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Autobiographical Archaeology

There is a centuries old story in which a man unearths his own own tomb. In this day and age he would be called an archaeologist but, hundreds of years ago, he was simply a wanderer; a searcher. Perhaps an explorer or adventurer. Perhaps an outcast; a man ostracized. A man with no home, friends, family or country. It is the story of a man who, after hundreds of years (longer than this story has been around) did stumble upon his own grave. More so, it was a tomb like those afforded only to pharaohs and saviors or presidents of great nations. This man had wandered for years through the desert or mountains or hills and valleys and rivers in search of his heart. The heart which was stolen from him by a demon or angel or friend or lover. He was heartless and his only goal in life , this half life for he had no heart, was to retrieve that which was stolen from him. Upon retrieving his heart he surely knew he would die, yet he continued on with his quest.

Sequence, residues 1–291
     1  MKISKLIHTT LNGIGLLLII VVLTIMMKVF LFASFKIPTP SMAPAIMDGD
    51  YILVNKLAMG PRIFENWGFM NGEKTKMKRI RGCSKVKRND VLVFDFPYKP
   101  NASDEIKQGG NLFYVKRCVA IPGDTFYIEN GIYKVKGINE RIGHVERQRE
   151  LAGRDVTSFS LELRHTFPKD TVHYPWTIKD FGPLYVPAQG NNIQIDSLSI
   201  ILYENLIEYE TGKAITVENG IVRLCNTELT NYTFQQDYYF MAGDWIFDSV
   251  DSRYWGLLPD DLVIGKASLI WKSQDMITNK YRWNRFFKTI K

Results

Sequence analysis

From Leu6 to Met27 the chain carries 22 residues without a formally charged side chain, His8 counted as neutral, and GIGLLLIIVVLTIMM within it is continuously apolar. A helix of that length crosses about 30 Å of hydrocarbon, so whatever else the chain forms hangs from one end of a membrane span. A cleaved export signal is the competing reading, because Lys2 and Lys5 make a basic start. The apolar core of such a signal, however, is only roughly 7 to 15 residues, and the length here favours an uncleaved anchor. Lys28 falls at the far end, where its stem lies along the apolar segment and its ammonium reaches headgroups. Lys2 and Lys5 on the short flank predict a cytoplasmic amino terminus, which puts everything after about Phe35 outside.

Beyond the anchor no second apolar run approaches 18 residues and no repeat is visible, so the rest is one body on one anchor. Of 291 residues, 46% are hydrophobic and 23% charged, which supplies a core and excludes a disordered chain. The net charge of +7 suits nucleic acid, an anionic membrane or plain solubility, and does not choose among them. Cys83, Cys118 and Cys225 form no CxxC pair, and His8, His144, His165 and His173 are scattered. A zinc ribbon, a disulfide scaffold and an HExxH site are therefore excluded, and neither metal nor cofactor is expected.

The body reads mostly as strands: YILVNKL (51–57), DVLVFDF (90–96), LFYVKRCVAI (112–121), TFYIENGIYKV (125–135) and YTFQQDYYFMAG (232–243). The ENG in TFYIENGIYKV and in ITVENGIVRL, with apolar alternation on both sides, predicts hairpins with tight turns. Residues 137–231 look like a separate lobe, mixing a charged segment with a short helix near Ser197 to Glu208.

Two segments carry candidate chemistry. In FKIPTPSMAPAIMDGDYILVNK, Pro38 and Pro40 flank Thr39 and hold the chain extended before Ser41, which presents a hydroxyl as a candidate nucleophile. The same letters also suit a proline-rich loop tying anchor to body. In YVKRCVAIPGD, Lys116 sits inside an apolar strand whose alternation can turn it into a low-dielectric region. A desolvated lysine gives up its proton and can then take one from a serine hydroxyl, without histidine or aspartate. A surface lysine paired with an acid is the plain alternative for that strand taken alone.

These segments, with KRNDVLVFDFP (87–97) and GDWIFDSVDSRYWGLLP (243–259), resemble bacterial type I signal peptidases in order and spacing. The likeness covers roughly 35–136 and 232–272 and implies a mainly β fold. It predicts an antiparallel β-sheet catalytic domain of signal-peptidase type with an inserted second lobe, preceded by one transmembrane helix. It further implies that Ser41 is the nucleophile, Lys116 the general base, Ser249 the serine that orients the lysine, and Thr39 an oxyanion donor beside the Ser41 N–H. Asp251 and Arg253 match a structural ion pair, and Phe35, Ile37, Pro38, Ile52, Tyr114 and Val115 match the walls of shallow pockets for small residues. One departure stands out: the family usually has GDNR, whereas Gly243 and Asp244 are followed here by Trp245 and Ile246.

Through the rain and snow and solar flares and hurricanes and all sorts of tempestuous weather, he did struggle forward and forever until the skies did clear and a great structure was seen.

This is where the story is lost. The writer has since died and his words are lost to time. The breath of those who lived the story are inhaled and spat out by electricity and webs of wires and ADHD and pills and a cacophony of demonic dreams splayed upon monitors. We are dumber for having grown up. We are stupid for not realizing fables and stories of life and death are as real as waking up and removing the sleep from our eyes.

There is a story told minutes ago. It is real and it ends the way you wish it to.

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